And I cry just as you
Knowing, this is coming to an end
But still I am hoping that fall will never come.
But it came.

Splendid indeed! - 95%

Sum, July 30th, 2005

Man, i don't know where to begin. When i first listened to this band, i heard the song Fall, and to tell the truth, it didn't really grab my interest. However, the more i listened to it, the more i came to appreciate the great music that Disillusion provides.

Then, i moved on to the next short song A Day by the Lake, and i noticed this song didn't have the heaviness or progressive side of the other song, but instead, and epic melodic feel. Of course, i loved to hear that, and i thought : "if they can pull off so different songs, i bet the longer songs won't get boring" and oh boy, was i right.

It's in this song Back to Times of Splendor, that i first realized that the vocalist of this band was so damn good. Not only can he give out a great variety of vocals, he can do it well. His harsh vocals vary and always fit the mood of the part in the song, and his clean vocals are some of the best i've heard. Of course, the use of both harsh and clean vox greatly contribute to making varying songs/parts.

Now, the other musicians didn't particularly stun me, however, the guitars can deliver powerful rhythms, soft leads, and like the vocals, contribute to the overall feeling. The production is almost perfect: the only problem might have been that there that the gain on the rhythm guitars is a bit too agressive (slightly unpleasant while listening through ear-buds)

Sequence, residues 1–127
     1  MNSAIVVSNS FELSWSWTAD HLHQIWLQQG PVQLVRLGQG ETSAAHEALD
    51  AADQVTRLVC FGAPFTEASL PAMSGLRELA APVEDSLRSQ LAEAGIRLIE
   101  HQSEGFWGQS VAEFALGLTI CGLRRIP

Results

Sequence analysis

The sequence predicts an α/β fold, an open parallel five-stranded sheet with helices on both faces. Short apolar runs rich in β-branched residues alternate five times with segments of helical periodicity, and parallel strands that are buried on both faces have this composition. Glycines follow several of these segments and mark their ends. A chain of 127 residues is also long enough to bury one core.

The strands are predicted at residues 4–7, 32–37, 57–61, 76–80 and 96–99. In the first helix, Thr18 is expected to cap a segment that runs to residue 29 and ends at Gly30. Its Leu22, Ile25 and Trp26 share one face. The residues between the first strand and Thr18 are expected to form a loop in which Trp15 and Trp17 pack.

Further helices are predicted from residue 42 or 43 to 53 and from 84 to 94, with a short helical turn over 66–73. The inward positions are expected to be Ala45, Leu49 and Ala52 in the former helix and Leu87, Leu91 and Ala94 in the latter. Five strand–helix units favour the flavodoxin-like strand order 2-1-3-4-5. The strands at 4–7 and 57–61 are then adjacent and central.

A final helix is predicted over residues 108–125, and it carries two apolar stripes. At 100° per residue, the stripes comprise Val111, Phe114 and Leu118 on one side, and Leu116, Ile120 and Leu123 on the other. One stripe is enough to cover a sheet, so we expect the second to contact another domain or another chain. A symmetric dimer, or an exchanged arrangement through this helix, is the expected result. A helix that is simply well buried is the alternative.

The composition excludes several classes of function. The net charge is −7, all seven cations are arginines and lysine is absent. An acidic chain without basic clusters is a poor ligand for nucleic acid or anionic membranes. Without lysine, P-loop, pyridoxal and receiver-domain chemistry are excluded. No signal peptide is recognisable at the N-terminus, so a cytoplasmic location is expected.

Highlight song :
Back to times of Splendor
Usually, i'm not the biggest fan of long songs, they often make me lose interest. But this one kept me hooked until the very end. It has a perfect mix of soft, melodic, epic, harsh, and chaotic parts, that all flow very well. For example, when the chaotic part is raging, and it quickly turns into that glorious one, it adds even more impact and "victory feeling". The repitition in parts is ver subtle, making the song interesting for all 14 minutes, without ever getting "stagnant". Truly, this is a masterpiece.